Businesses today are gathering and storing data at an ever-accelerating pace, feeding the unquenchable imperative to leverage information for growth and transformation.
Enterprise data and the demand for data-driven applications have grown faster than the IT organisations that support them. The skills and disciplines required to transmute data into business opportunity are varied and complex and have likewise failed to keep pace with the growth.
Furthermore, tightened budgetary controls have opened businesses and IT organisations’ eyes to the increased costs and waste resulting from poor data management.
A study carried out by Experian QAS, “The hidden costs of poor data management” found that companies across the globe were losing on average 6% of their revenue due to poorly managed data. Not only does this hinder financial flexibility, but also the ability to operate effectively and productively.
As IT organisations and businesses try to cope with budgets, efficiency, and productivity, they must do it while suffering under the weight of badly structured data architectures and databases.
Poorly written and inefficient application code underpinning data-driven applications further compounds the problem, while inadequately coded and structured data has a direct effect on environments where the experience of the interaction is a lucrative commodity.
Thus, applications that breakdown or run slowly because of insufficiently coded and inefficient queries place an unacceptable level of burden on end-users as they struggle to execute their tasks.
Badly structured data models raise costs as additional work is required to cleanse the data, improve access to it and allow others to better interpret it for subsequent reuse.
The complexity that can arise to provide additional layers to improve both the quality of and access to the stored data, limits the value of any productivity features provided and places additional stress on the processing facilities.
Changing role of developers and database administrators (DBA)
Over the last couple of decades, the sophistication of database technology, the underlying systems along with data volumes, has grown dramatically. This, coupled with the growth in the number of databases that each DBA must manage, and the greatly increased size of each database, has changed the way that DBAs and developers work.
Developers have taken on a more important role with data management and DBAs have become more system and architecture oriented. There is a risk that these two important groups might start to lose touch with one another. It is crucial that lines of communication between DBAs and developers, and data modellers and architects be clear and strong.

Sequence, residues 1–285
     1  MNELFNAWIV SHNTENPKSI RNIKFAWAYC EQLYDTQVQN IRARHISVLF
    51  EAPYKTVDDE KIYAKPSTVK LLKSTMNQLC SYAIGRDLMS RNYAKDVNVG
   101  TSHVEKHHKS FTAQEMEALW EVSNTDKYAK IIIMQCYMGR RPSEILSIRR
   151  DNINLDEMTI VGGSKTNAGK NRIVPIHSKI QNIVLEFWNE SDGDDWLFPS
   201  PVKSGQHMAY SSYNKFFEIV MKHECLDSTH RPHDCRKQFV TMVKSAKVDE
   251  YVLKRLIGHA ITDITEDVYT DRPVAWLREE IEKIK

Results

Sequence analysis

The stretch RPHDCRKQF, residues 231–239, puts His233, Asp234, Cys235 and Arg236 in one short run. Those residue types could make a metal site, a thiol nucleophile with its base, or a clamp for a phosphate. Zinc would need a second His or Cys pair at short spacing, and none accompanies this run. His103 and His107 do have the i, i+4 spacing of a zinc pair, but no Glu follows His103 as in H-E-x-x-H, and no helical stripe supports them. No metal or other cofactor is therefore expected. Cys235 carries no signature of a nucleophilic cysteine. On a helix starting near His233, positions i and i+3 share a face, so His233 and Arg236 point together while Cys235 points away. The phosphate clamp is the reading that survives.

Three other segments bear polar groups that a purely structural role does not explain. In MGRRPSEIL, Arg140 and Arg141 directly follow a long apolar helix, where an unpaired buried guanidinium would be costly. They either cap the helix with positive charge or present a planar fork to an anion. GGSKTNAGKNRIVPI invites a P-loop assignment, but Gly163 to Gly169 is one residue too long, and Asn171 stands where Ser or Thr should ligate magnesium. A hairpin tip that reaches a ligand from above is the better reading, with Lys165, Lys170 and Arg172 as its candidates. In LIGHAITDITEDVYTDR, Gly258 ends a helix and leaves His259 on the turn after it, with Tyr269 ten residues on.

Tools as facilitators of communication
As productivity aids, tools are facilitators of communication. This view is consistent with the contemporary usage patterns.
For instance, data modeling tools are not only used to design databases, but also to document, visualise, classify, tag, centralise, and report on data assets.
Today’s data modeling tools can answer questions about what is stored where inside an enterprise, or what subject areas, tables or even columns contain sensitive or classified information. They are also beginning to blur the lines with what has traditionally been the development and data modelling worlds.
Another example is database change management tooling. Such tools can capture information about the specific state of a database at various points in time, and report on how the database has evolved: structures, permissions, settings, stored procedures, and the like.
The modern data and database tool set has something to offer both developers and DBAs. Standardising on common sets of tools provides a universal language to design, build and run information systems smoothly and consistently.
Making the right choice
The challenge of making the right tool selection is defined by two driving forces: ease of access to the right tools and the richness in the functional capability of the tools to productively and efficiently support the right roles.
This translates into a tooling and licensing model that allows access to the right tools at the right time without a great deal of administrative overhead.
Today, there tool sets that support this new tooling charter for data-driven application development and help facilitate greater team collaboration, communication and productivity. These tools represent a new approach to buying, deploying, and using tools.
They greatly simplify buying decisions by providing tools via a “tool chest” model. For instance, because databases rapidly evolve, instead of buying standalone tools a-la-carte, customers can buy a yearly membership subscription to a tool set, gaining access to perpetual licenses within a vendor’s solution stack.
This type of unique on-demand deployment model can not only ensure access to latest technology, but also greatly speed the acquisition and deployment of tools to aid superior application development.
Jason Vokes, Senior Director, Technologies & Marketing International, Embarcadero Technologies